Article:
Noise is ever-present in the levels. You see this as floating red symbols when you focus on people’s thoughts. Stressed and upset people add to more noise on a level, and fighting noise brings you into an encounter that pits you up against one or several different creatures. Attacks are varied, but follow a pattern for each type of noise, and are chosen using pins. You can chain a few encounters together for a longer fight, defeat one group of noise, and fight the next straight away. Just like a Pokémon, you only have a small number of attacks or skills you can use at any one time. Your partner is able to expand that move set slightly, and can also be a jump-in co-op player if there’s a spare spot on the couch.
By chaining attacks between Neku and his partner, big attacks can be unleashed, powered up with little mini-games in a short time to make the attacks even more powerful. Some pins can be powered up to make their effects even more pronounced, so there is an incentive to stick with some pins that may have started off a little lacklustre in the beginning.
Pretty as a picture
The game is very unique in its art style, and a definite highlight of the title. The cel shading style feels like a mishmash of Jet Set Radio and Kingdom Hearts. It’s bright, colourful, and the animations are smooth. With 2D sprites in a 3D world, it keeps the Switch running smoothly, while delivering excellent visuals throughout the game.
The soundtrack is also excellent. An original mix from the DS version is here in all its glory, or switch to the remixed version with a refreshing take on the original songs. During later levels, the music really comes into its own, but does get repetitive during early segments. More tracks being available earlier in the game would help make the game a lot more appealing for players new to the franchise.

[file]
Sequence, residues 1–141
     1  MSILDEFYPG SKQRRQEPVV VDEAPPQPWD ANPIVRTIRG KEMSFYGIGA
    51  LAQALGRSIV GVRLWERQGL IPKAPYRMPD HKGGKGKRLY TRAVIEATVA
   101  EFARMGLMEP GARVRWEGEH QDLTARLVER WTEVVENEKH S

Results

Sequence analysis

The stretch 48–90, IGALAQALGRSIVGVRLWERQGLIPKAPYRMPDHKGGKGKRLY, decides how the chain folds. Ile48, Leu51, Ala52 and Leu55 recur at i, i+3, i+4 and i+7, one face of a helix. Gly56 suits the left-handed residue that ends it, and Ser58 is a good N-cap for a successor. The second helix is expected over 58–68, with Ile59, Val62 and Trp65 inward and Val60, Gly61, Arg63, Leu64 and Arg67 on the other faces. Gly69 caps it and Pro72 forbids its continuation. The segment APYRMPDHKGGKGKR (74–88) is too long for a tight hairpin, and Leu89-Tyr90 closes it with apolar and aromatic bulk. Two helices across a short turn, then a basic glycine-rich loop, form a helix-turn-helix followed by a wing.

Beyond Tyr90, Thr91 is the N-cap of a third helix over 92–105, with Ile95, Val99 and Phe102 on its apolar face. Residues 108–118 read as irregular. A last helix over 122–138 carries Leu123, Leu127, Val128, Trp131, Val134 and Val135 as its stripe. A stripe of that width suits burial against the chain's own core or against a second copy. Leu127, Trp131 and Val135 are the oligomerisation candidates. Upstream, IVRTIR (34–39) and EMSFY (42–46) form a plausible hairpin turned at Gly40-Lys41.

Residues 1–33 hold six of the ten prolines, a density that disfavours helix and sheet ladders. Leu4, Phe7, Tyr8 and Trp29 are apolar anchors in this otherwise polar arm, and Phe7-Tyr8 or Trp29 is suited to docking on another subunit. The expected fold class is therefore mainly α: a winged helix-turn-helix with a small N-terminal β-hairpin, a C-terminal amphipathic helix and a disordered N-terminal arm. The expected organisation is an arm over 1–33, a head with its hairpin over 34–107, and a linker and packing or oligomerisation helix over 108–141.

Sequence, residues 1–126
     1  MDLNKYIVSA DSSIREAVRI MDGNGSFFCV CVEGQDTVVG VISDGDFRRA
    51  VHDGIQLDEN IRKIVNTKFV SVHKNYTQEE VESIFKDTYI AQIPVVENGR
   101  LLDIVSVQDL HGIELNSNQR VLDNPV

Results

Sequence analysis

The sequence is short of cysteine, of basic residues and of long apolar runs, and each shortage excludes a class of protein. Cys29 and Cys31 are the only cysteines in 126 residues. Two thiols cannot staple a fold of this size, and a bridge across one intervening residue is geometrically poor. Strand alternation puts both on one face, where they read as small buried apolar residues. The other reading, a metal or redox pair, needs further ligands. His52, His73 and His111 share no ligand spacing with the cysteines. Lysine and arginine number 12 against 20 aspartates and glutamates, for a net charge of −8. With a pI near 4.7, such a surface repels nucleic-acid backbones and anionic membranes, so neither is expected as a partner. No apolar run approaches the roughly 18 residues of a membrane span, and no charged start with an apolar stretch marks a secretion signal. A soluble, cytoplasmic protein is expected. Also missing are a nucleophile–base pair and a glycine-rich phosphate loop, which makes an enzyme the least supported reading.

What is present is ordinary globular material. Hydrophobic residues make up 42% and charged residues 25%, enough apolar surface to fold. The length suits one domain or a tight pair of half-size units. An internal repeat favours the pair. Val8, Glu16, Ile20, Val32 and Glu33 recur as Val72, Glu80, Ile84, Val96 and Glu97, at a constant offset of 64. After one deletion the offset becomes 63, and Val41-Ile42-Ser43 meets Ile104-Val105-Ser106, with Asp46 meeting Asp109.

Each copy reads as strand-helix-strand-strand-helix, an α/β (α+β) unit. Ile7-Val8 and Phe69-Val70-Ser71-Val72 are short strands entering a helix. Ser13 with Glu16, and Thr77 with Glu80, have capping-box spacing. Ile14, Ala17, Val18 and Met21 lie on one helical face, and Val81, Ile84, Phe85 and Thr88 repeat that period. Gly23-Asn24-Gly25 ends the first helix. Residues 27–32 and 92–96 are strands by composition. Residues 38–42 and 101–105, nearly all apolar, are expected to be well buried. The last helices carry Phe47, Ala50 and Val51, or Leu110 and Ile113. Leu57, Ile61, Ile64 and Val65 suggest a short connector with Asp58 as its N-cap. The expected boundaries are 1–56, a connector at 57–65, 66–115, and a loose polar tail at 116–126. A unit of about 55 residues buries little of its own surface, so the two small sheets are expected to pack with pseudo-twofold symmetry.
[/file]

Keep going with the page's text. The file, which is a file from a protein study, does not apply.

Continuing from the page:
The game is a journey of self-discovery for Neku and his companion. The World Ends With You: Final Remix touches a lot on the themes of isolation, self-discovery, teen angst, confidence, reaching out to those around you and helping others through difficult challenges. A teenager would find a lot of the themes encountered during the game very relatable.
The World Ends With You was very much in a class of its own when it was first released, and still is now. Fans of the DS version will know the game well, and newcomers on Switch will be struck by its uniqueness. The game has come through with very few changes, with the differences between the systems accounting for most of them. Is it enough to overpower nostalgia-tinted glasses? That is a question that fans will have to find out on their own. For me it was.
The World Ends With You: Final Remix works as a fun game that compliments a growing Switch library that you can sink plenty of hours into. I preferred the docked method, with the aforementioned control issues adding to a more challenging gameplay feel, with frustrations in dexterity happening closer to the learning stages of play and with certain pin attacks. Co-Op gaming is not a strong point in this game, but is a nice feature to have if you want an interactive co-op experience. The battles are fun and customisable to your own level, though perhaps the difficulty ramp is a little sharp towards the end. Given that there has been such a long time between the games original release and this current version, the game doesn’t feel the slightest bit dated, but there could have been a lot of additional content than what came out. More characters, additional storylines, updated dialogue would have enriched the game even further.
But I’m nitpicking. The World Ends With You: Final Remix is a fun, challenging play that will pull you into its story, and either delight or frustrate you with its battle system.